1.4 Configuration

You are now on the command line of your own Bitcoin node. Let's start with the configuration.

Add the admin user (and log in with it)

We will use the primary user admin instead of temp to make this guide more universal.

  • Create a new user called admin with your password [A]

$ sudo adduser --gecos "" admin
  • Make this new user a superuser by adding it to the sudo and old temp user groups

$ sudo usermod -a -G sudo,adm,cdrom,dip,plugdev,lxd admin
  • Logout the existing temp user

$ logout
  • Repeat Access with Secure Shell but this time login with admin and your password [A]

  • Delete the temp user. Do not worry about the userdel: temp mail spool (/var/mail/temp) not found message

$ sudo userdel -rf temp

Expected output:

> userdel: temp mail spool (/var/mail/temp) not found

To change the system configuration and files that don't belong to the user "admin", you have to prefix commands with sudo. You will be prompted to enter your admin password [A] from time to time for increased security

Login with SSH keys (optional)

Now, you can start to access it without a password by following the SSH keys bonus guide

System update

  • Update the operating system and all installed software packages

$ sudo apt update && sudo apt full-upgrade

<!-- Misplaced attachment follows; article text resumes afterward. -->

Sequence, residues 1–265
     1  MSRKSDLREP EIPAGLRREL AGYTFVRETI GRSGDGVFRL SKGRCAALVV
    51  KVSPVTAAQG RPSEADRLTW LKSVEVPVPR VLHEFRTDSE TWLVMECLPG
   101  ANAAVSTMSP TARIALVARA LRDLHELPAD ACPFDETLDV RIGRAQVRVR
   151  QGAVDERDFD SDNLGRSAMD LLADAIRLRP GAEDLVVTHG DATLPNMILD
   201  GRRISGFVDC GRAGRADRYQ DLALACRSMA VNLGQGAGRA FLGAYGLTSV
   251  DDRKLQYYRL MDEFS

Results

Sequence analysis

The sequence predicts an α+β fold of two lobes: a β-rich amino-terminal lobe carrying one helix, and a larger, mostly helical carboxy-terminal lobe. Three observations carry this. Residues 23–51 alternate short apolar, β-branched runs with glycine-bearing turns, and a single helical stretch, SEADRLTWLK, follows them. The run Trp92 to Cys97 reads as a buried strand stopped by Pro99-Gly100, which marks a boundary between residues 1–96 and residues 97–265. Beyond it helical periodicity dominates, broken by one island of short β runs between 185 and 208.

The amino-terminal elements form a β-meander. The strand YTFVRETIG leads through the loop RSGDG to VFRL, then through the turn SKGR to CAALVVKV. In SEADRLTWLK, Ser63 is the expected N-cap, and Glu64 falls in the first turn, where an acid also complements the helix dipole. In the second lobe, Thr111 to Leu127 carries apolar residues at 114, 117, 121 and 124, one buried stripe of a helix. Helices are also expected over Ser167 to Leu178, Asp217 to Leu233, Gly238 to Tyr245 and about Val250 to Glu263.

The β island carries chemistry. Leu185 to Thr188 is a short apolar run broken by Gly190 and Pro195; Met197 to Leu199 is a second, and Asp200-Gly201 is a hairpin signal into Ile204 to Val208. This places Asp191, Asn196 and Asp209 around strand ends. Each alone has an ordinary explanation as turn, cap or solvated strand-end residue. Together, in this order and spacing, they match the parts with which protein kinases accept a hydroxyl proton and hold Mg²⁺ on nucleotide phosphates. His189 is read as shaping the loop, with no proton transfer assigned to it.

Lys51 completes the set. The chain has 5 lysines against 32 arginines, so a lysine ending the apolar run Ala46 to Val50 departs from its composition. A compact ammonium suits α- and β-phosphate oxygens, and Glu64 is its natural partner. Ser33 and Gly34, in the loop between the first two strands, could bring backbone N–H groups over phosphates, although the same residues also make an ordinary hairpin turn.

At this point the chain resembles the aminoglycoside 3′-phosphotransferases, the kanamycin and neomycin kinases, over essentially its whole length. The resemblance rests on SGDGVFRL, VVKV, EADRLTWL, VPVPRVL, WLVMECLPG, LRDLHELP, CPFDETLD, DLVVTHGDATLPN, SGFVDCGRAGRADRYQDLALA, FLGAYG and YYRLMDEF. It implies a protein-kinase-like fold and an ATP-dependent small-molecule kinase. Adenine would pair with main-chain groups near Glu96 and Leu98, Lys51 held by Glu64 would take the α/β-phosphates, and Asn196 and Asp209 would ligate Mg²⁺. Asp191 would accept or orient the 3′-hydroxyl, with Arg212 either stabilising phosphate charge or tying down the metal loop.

Do this regularly every few months for security-related updates. If during the update process, a banner appears asking you, "Which services should be restarted?" you can press ENTER and take note of the services that will be restarted, marked with [*]. Example 🔽

It is recommended to keep the default selection and restart all marked items. However, if you want to unmark any of them, select the item and press the spacebar to toggle the mark. Finally, press ENTER to confirm

  • To be able to use the minibolt hostname instead of the IP address, we must install this necessary software package

$ sudo apt install avahi-daemon

Check drive performance

Performant unit storage is essential for your node.

Let's check if your drive works well as-is.

  • Your disk should be detected as /dev/sda. Check if this is the case by listing the names of connected block devices

$ lsblk -pli
  • Measure the speed of your drive

$ sudo hdparm -t --direct /dev/sda

Example of expected output:

> Timing O_DIRECT disk reads: 932 MB in 3.00 seconds = 310.23 MB/sec

If the measured speeds are more than 150 MB/s, you're good

  • If you installed a secondary disk, check and measure the speed with the next command, if not, skip it

$ sudo hdparm -t --direct /dev/sdb

Example of expected output:

> Timing O_DIRECT disk reads: 932 MB in 3.00 seconds = 310.23 MB/sec

If the measured speeds are more than 100 MB/s, you're good but is recommended more for a better experience

Data directory

We'll store all application data in the dedicated directory /data. This allows for better security because it's not inside any user's home directory. Additionally, it's easier to move that directory somewhere else, for instance to a separate drive, as you can just mount any storage option to /data.

  • Create the data folder

$ sudo mkdir /data

Remember that the before command is not necessary if you previously followed Case 1 of Store data in a secondary disk bonus guide, which involves storing the data in a secondary disk. This is because the ("data") folder has already been created. If the prompt shows you: mkdir: cannot create directory '/data': File exists probably is that. Then ignore it and follow with the next command 🔽

  • Assing to the admin user as the owner of the (/data) folder

$ sudo chown admin:admin /data

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